You can spot test your makeups on your inner arm to see if anything brings up a strong reaction too. This won't show minor stuff, but it will show things that are provoking contact dermatitis.
    • Another possibility is that while you may be using the same product, the company may have changed the formula for it. This happened with our cat food. (I know it's not the same, but the idea is.) Pretty much we were buying the same type of food but the company had slightly changed the formula and our cats were allergic to one of the changes. I imagine it could happen with make-up too.
  • Could it be that you are not getting all your eye makeup off after performing? Or my other gut reaction is to say maybe you are scrubbing too hard to remove all your makeup and drying out the skin of your eyelids? I used to to that all the time and would get the same reaction, swollen, puffy, irratated eyelids the next day. Now I use a good eye makeup remover to get the bulk of my makeup off, a gentle soap, followed by a heavier eye lotion that I would normally use. Just before bed I will splash my face with some cool water to remove any leftover lotion as well as any makeup that didn't come off before. The lotion will often cause any mascara or eyeliner that didn't come off with the remover to loosen and rinse off with nothing more than water. Hope that helps you solve your mystery!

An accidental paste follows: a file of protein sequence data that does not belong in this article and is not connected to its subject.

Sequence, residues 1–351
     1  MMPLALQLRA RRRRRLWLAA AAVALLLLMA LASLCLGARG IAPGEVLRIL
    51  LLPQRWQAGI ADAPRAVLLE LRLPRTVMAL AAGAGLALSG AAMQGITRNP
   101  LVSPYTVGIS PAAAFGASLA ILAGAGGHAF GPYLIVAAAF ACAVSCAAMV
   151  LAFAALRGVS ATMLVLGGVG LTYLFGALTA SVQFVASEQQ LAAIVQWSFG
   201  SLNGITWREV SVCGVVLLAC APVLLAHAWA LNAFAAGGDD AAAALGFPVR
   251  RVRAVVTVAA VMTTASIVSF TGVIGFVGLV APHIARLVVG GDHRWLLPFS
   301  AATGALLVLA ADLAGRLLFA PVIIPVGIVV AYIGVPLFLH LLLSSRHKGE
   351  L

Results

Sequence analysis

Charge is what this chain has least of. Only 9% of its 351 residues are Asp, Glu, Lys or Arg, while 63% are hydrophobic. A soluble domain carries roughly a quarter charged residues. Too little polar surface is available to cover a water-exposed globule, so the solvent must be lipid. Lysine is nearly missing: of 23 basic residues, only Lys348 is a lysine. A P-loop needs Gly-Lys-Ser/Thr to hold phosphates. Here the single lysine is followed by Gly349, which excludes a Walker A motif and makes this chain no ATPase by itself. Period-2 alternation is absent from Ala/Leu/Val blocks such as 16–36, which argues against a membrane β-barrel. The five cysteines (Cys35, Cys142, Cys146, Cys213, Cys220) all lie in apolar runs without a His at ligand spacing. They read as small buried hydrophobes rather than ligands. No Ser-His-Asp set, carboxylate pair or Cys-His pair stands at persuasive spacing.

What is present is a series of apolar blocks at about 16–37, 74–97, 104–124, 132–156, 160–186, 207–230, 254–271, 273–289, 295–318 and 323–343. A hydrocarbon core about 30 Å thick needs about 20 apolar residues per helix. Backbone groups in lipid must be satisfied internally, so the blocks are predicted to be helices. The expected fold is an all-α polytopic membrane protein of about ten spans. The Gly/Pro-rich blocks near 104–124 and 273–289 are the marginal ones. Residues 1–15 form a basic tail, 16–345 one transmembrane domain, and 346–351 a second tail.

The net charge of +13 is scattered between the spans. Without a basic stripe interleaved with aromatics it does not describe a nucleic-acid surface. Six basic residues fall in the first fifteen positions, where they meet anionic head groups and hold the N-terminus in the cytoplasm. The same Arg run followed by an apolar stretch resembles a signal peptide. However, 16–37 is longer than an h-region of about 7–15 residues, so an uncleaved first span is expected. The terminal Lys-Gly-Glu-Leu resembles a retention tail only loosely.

• Hi, Asharah,
    You may indeed have developed a new allergy to your makeup. One of the many perks of aging, I'm afraid. That happened to me, years ago. I suddenly started reacting to makeup brands (as well as soaps and shampoos) that I had used for years. I would suggest that you replace one makeup product each time you do your makeup to see if you continue to react. That way you can identify which products are causing the problem.